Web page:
From murder to greed Shakespeare’s Macbeth portrays a story of how one’s flaws can transform into a person’s way of thinking and acting. Throughout the play, Lady Macbeth changes from a cold-hearted, greedy, shell of a human body into a guilt ridden woman. Her selfish desires met with ambition and a want for power pushed her into driving Macbeth to kill Duncan. Both Lady Macbeth and Macbeth become very guilty because of the crime they have committed. Although Macbeth actively kills the King, Lady Macbeth was more guilty of Duncan’s murder than Macbeth.
Throughout Macbeth, three characters seem to have control of Macbeth’s action and his life. Lady Macbeth, Macbeth, and the We’ird Sisters all have some type of control over the actions of Macbeth. The wife of the play 's tragic hero, Lady Macbeth, pressures her husband into committing regicide so that she can then become queen of Scotland. Throughout the play, Lady Macbeth constantly diminishes her husband 's manhood forcing him to feel less of a man. Unhae Langis, once wrote that, “Lady Macbeth evokes shame in him [Macbeth] to get him back into the contest.” By constantly shaming her husband, Lady Macbeth holds a great amount of control on the way he sees himself.
Lady Macbeth wanted the prophecies to come true. Lady Macbeth wanted her husband to have power.When Lady Macbeth receives the letter from Macbeth, it shows her ambition to help her husband murder King Duncan. Lady Macbeth was afraid that her husband wouldn’t follow through with the plan because it was such a harsh crime. Lady Macbeth taunts Macbeth through the story. She felt as if she was more of a man than Macbeth.
A great example of this is found in the medieval literature “The Canterbury Tales.” In the tale “The Wife of Bath's” the wife gloats about the power she has over all five of her husbands. “I kept my husbands well in hand. I told them they were drunk and their unfitness to judge my conduct forced me to take witness that they were lying” (Canterbury Tales, page 268.) The Wife’s deception against her husband gave her the upper hand in marriage. Stating that trickery was instinct in a woman.
Soon a mere accusation from her becomes enough reason to convict even important, influential people. Abigail uses the witch hysteria that consumes Salem to secure herself from accusation, and gain control of the trials by accusing respectable people, before moving on to Elizabeth, and then in her desperation, she manipulates Mary Warren into eventually accusing John. “Abby' s lust threatens Proctor in many ways: she tempts him to sinning adultery in the first place;
Although introduced as a thoroughly hardened, ambitious woman, Lady Macbeth’s seemingly unbreakable character shatters when she is consumed by the demon of guilt. The guilt of Lady Macbeth seems nonexistent when she persuades Macbeth to kill King Duncan, but the heinous acts she and her husband commit throughout the play strain her slowly. Eventually, the guilt Lady Macbeth harbors emerges from her subconscious and crumbles her. The downfall of Lady Macbeth reveals that even the toughest, strongest, and most powerful people can succumb to guilt. At the commencement of William Shakespeare’s Macbeth, the guilty conscience of Lady Macbeth is overshadowed by her relentless pursuit to become Queen of Scotland.
She does this by making Macbeth feel distressed during her process of coercion. Her final step of inducement consists of turning Macbeth’s own gender against him, “When you durst do it, you were a man” (i.vii.50). This ultimately is the shifting point of the Macbeth’s companionship. Lady Macbeth is so consumed in her own greed that she loses the love of Macbeth throughout the process of enticement. Lady Macbeth is such a strong character that she can maintain a role of innocence while being the centre of control when planning a murder in internal disguise.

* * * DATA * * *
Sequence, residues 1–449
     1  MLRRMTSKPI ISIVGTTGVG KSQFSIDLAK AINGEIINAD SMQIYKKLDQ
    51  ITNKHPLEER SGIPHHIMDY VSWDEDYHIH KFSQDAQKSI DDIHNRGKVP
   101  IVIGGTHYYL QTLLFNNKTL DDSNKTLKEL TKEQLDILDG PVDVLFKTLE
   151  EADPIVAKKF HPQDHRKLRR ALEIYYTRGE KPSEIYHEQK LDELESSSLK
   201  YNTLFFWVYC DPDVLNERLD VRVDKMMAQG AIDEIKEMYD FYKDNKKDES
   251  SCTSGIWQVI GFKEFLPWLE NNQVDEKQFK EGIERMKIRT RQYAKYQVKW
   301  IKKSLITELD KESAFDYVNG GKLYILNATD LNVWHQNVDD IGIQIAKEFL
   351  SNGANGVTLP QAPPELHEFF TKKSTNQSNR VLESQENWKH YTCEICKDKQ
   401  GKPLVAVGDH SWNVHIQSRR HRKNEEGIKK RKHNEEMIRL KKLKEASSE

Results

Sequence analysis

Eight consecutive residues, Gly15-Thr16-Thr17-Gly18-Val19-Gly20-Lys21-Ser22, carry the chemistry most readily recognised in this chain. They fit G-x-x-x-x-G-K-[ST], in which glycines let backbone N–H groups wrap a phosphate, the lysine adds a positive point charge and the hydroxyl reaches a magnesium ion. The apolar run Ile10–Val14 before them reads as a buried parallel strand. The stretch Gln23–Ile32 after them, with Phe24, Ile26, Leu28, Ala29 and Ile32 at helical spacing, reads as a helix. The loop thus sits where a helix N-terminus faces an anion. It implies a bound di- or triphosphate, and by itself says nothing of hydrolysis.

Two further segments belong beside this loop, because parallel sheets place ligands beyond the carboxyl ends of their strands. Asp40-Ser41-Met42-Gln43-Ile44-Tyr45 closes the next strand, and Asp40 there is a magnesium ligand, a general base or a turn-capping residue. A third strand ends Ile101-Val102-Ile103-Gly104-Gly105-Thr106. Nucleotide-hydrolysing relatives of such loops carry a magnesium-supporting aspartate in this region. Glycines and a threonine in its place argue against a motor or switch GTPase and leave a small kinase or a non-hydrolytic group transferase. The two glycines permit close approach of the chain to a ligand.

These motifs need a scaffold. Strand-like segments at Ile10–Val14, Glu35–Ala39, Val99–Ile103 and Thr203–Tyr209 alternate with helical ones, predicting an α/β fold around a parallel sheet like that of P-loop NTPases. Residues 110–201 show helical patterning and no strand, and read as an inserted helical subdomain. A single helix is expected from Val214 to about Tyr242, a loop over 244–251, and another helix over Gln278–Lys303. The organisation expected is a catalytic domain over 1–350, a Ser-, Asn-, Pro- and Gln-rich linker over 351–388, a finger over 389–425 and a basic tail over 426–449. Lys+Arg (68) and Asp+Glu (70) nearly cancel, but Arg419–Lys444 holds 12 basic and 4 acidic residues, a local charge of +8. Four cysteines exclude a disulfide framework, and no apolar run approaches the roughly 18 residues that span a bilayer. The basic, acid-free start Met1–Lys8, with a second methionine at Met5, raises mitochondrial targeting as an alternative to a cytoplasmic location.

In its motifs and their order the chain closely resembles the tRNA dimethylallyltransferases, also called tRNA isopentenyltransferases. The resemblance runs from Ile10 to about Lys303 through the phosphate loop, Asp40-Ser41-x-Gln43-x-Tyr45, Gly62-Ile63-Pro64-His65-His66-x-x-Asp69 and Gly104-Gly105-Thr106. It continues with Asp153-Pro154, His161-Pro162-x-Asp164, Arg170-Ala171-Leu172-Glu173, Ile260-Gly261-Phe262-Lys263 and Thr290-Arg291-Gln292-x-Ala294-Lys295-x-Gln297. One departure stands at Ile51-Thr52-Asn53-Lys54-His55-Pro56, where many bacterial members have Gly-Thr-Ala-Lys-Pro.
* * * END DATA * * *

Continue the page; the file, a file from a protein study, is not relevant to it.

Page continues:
In Shakespeare's shortest and popular tragedy, Macbeth, Lady Macbeth’s soliloquy reveals her intentions to lose femininity in order to become mentally strong and ruthless, and it also depicts the idea of masculinity associated with power and authority she craves for. When Lady Macbeth cries, “Come you spirits/…..unsex me here,/ And fill me from the crown to toe top-full/ Of direst cruelty!” she implores the spirits to take away everything that makes her a woman so that her femininity does not interfere with her heinous plan to kill Duncan. In Lady Macbeth’s mind, the words “direst cruelty” represents masculinity, which she believes to give her power and courage, both of which she needs for her plan of regicide to succeed. Lady Macbeth’s rant,
Lady Macbeth’s lust for power was evident as she pushed Macbeth to kill Duncan because she wanted to be queen, but after the deed is done, it is apparent that it has messed with her mind. If it was a common act to sleepwalk and talk in your sleep the gentlewoman would not assume the doctor could prescribe medicine to help. Lastly, it is apparent that Lady Macbeth’s lust for power drove her to insanity when she committed suicide. Macbeth and Seyton heard a scream and Seyton went to check on the cause. After returning he made the statement, “The queen, my lord, is dead.” (Cowther 5:5: 17).
Ambition is a strong force of human nature, which can turn people evil if it takes control of them. Macbeth and Lady Macbeth are perfect examples of these type of people. In Macbeth, Macbeth and Lady Macbeth are both thirsty for power which leads them to their ultimate demise. People might expect that Macbeth and Lady Macbeth have a mundane husband and wife relationship, but instead they are in a divergent relationship, which causes them to influence each other in a way that lead to their downfall. The ambition that Macbeth and Lady macbeth have for power was portrayed by their motives, morals, goals, relationships, consciousness and personalities throughout the play.